Documentary tells story of Polish priest born a Jew during Holocaust
WASHINGTON, D.C. — If someone were to make a movie about a Polish priest who was born a Jew during the Holocaust, adopted by Polish parents who didn't tell him until he was in his 30s of his parentage, his pilgrimage to Israel to reclaim his Jewish heritage, and his stubborn insistence to Israeli authorities that he be considered simultaneously both a Jew and a Catholic, "Torn" would be the perfect title.
Ronit Kertsner is on the film festival circuit with her documentary, which examines the life of Father Romauld Jakub Weksler-Waszkinel.
Pictured: Father Romauld Jakub Weksler-Waszkinel is the focus of the documentary "Torn." The films tells the story of the Polish priest, who was born a Jew during the Holocaust, adopted by Polish parents who did not tell him until he was in his 30s of his parentage and his pilgrimage to Israel to reclaim his Jewish heritage. (CNS photo/Sovereign Throne)
The Weksler surname comes from his Jewish parents, who gave him up for adoption March 25, 1943. "I must have been eight days old, I'm not sure," he said in a 1993 interview. The Waszkinel surname comes from the Polish couple who adopted him before the rest of the Weksler family perished at the hands of the Nazis.
Kertsner said she first ran across Father Weksler-Waszkinel in the late 1990s when she was making a documentary called "The Secrets," about Catholics in Poland who found out they had been born Jewish.
"When I started making 'Torn,' I was finding out what had happened to these people" 10 years after "The Secrets" had been released, Kertsner told Catholic News Service in a telephone interview from New York, where "Torn" had been screened at a festival.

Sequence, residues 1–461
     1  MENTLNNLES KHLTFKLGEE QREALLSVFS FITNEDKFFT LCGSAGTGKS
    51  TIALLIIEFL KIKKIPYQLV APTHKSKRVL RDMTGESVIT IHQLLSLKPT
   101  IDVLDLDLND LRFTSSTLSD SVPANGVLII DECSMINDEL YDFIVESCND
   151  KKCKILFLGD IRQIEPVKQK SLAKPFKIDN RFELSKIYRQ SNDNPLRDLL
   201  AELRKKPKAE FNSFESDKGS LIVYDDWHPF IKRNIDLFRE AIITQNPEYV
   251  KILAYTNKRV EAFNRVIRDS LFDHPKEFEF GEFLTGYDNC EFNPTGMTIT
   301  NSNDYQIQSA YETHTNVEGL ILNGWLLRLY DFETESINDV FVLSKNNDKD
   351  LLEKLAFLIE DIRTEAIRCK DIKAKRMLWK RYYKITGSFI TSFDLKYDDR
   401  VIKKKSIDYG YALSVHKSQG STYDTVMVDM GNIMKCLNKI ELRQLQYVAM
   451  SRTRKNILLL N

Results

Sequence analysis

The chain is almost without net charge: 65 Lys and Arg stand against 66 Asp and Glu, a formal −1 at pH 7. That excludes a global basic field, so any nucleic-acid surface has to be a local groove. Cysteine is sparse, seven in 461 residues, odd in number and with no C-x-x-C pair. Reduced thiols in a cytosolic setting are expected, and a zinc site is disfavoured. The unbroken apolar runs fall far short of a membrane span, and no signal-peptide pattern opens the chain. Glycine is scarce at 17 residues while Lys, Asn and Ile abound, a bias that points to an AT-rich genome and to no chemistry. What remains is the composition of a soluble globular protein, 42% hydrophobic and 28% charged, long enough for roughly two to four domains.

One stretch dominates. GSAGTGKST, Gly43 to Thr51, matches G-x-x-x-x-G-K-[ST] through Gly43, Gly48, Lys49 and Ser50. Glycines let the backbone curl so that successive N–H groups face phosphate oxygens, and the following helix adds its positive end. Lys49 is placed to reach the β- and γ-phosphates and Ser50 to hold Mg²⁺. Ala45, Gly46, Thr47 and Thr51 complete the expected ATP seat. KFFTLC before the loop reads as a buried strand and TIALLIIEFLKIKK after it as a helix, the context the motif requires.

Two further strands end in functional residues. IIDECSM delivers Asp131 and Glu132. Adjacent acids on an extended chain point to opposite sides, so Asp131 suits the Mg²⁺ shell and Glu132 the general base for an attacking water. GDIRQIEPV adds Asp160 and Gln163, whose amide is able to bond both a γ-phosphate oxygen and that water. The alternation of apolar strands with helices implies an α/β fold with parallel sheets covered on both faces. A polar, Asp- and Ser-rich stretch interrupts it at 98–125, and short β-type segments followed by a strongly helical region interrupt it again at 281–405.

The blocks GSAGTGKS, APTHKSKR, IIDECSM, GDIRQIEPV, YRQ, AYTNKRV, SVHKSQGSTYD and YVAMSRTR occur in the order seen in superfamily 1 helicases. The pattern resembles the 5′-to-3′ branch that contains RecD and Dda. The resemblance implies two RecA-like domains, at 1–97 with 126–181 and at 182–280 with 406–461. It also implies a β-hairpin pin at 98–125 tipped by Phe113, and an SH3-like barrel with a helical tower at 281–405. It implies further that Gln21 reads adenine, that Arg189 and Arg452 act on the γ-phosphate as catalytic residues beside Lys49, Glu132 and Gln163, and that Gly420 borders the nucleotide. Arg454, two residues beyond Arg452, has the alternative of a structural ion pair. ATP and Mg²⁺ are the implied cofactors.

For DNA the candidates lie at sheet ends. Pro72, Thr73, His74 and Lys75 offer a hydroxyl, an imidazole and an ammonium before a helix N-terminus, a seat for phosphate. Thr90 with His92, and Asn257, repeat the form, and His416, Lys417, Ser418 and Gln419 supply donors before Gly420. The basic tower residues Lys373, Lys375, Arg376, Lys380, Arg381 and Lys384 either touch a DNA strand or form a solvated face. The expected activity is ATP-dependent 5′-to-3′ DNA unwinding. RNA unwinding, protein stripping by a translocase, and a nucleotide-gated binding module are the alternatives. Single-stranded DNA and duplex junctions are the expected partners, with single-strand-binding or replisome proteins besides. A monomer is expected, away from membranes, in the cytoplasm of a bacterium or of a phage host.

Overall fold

"When I got to Warsaw, I got a message: 'The good news is you don't have to go to Lublin'" to film the priest, she recalled, since he was bound for Israel the next day to line up living arrangements for a possible move.
Instead, Kertsner's reaction was "we have to get a car and go immediately" to Lublin to film him before he left the country, she said. In Lublin, Father Weksler-Waszkinel served as the priest for a convent of Ursuline nuns.
"The priest had the most strongest story" in "The Secrets," Kertsner said. "I mean, being a priest, his religion was his whole life. That's what he was. What he believed in, who his parents were, this was everything (to him). So this is very, very strong. ... He felt it was something bigger than him."
Kertsner herself was born to Polish Jews, and adopted by French Jews who settled in Israel after World War II but who never told her about her adoption until she stumbled upon the facts as an adult.
She filmed Father Weksler-Waszkinel's journey at age 67 to Israel, where he lived on a kibbutz. Kertsner said no Catholic monastery in Israel would accept him because he was a Jew, and no kibbutz would allow him to leave for a couple of hours on Sundays to celebrate Mass.
Kertsner said Father Weksler-Waszkinel now works at a Holocaust museum researching documents in his native Polish. His quest for Israeli citizenship has been stymied by Israel's "right of return" law which states that someone who was born Jewish but practices another religion cannot be granted citizenship. He has, though, been granted permanent residency.
"He believes he has the right (to citizenship). I believe the same," Kertsner told CNS. "Who are we to judge him? He's a victim of the Holocaust. He got into this situation not by choice, but by the circumstances of the Holocaust. He is so unique. It's not like there is going to be thousands of people (under similar circumstances) coming over to Israel. He's a very unique case, and we should accept him as he is."
She added, "When I gave him the name of the film, he was completely against it: 'I don't feel torn. I feel whole.' 'You may feel whole, but everyone else looks at you like you're torn.' Then he calls me some time later, and he says to me, 'Maybe I am a bit torn.'"
— Mark Pattison, Catholic News Service
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